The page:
My herd has both available, but generally will stay in the sun for the most part. I wouldn't worry too much about the water temp if you have a large (deep) water trough. Although the water may be warm when it comes out (using a float system), generally the amount coming in isn't so much that it would raise the entire temp of the water. My guys usually root & slosh in the water anyways first to clear the surface of contaminants and end up drinking from below the surface.

Lastly, I too hose my guys down in the evenings to help cool them off.
 

Cjskip
Breeding Stock
Username: Cjskip

Post Number: 303
Registered: 03-2008
Posted on Friday, April 25, 2008 - 01:39 am:   Edit Post Delete Post    Move Post (Moderator/Admin Only)

Sounds like very good advice Cyndy. Thanks! When I used to have horses I lived in a cooler climate, so no worries. Whew. So much to think about! But it's all good. Gotta love our equine friends!
 

Cyndy Wiser
Breeding Stock
Username: Cyndy

Post Number: 101
Registered: 03-2008
Posted on Friday, April 25, 2008 - 11:50 am:   Edit Post Delete Post    Move Post (Moderator/Admin Only)

Yes we do. Like Bobbi said in her wonderful post earlier this week, they are amazing creatures that are incredibly tough but yet at the same time so very fragile.
 

Bobbi Govro
Breeding Stock
Username: Hh_farms

Post Number: 320
Registered: 03-2008
Posted on Friday, April 25, 2008 - 03:43 pm:   Edit Post Delete Post    Move Post (Moderator/Admin Only)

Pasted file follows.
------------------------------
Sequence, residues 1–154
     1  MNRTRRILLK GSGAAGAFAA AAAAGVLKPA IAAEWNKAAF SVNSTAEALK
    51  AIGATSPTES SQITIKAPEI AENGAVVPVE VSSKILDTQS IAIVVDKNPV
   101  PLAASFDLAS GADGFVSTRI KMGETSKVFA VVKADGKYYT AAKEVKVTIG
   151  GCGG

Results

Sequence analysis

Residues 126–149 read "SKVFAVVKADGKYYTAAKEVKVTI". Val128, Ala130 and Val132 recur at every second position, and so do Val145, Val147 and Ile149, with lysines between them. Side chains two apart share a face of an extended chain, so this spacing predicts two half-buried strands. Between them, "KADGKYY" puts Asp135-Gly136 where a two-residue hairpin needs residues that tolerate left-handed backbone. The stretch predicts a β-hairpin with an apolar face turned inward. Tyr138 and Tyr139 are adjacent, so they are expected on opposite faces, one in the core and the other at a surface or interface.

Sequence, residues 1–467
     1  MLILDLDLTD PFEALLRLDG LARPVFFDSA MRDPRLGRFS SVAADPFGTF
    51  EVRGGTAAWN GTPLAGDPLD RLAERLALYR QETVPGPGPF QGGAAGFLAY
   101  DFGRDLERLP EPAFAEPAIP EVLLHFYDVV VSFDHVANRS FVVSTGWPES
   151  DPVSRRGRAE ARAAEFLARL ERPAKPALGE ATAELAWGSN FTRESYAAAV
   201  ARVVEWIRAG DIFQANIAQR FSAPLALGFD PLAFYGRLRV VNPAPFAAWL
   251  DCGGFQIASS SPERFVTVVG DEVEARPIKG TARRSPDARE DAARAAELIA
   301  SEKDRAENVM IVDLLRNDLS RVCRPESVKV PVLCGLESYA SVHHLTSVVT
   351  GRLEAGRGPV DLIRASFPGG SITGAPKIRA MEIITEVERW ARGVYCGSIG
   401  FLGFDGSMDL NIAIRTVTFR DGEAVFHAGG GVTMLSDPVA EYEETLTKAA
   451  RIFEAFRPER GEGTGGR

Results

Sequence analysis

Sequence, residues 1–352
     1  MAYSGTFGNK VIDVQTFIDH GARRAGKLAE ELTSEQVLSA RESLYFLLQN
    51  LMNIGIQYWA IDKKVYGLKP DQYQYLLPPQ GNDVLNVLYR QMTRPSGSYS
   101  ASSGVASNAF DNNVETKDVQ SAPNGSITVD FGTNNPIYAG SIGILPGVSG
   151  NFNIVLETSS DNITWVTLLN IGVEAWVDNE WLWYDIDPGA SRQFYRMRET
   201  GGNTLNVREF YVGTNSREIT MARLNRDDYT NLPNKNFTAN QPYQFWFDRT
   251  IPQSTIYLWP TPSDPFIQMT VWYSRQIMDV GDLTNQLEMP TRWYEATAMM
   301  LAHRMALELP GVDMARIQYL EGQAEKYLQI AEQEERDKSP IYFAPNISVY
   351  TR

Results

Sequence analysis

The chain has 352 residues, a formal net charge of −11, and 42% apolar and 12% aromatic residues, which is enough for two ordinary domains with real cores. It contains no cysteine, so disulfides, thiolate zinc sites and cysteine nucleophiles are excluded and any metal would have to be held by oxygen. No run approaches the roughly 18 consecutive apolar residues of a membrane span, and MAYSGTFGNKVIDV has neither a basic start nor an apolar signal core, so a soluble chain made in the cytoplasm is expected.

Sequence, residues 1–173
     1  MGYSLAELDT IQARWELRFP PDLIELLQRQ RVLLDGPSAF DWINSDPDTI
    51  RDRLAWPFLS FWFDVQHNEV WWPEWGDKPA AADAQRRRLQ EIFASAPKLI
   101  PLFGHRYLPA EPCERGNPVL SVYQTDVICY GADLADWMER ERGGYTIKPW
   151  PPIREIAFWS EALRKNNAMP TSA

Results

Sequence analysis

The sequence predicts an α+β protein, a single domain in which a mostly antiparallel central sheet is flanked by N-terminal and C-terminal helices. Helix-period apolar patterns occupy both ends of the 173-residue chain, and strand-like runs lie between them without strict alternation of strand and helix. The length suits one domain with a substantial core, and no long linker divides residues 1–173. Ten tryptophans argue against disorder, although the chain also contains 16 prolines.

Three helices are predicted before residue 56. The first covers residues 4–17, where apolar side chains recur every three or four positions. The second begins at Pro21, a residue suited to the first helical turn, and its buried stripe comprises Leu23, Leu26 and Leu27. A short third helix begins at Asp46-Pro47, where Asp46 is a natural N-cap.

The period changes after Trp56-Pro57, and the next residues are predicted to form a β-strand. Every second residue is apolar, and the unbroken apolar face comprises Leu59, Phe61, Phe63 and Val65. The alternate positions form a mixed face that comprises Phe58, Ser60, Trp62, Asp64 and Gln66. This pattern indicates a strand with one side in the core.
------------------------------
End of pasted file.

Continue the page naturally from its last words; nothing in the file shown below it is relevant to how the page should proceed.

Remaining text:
Cyndy: You and I live in the same climate and what you do for yours is exactly what I do for mine. I would be somewhat hesitant to shave or clip mine as sometimes their down hair provides for some protection against the flies and other biting creatures they contend with.

My horses slop in the trough also, but when they are in the fields with the ponds, its so much better because they take a swim. My gelding is hysterical as he is my "water baby" and he will go out in the middle of the pond and make such a ruckus so that he soaks himself from head to tail.

The hose baths are a pleasure and all you have to do is pick it up and they're standing in line for it.

We just make sure when the temp is hot and the humidity is high that we don't do any intensive training/riding during the heat of the day.
 

Jenni Luttrell
Senior Stallion or Mare
Username: Bugrace2000

Post Number: 1017
Registered: 02-2007
Posted on Saturday, April 26, 2008 - 02:46 pm:   Edit Post Delete Post    Move Post (Moderator/Admin Only)

I dont trim my big horses but its been a few days since I clipped little Catcher although I didnt take off Much he isnt panting near as much and seems much more comfortable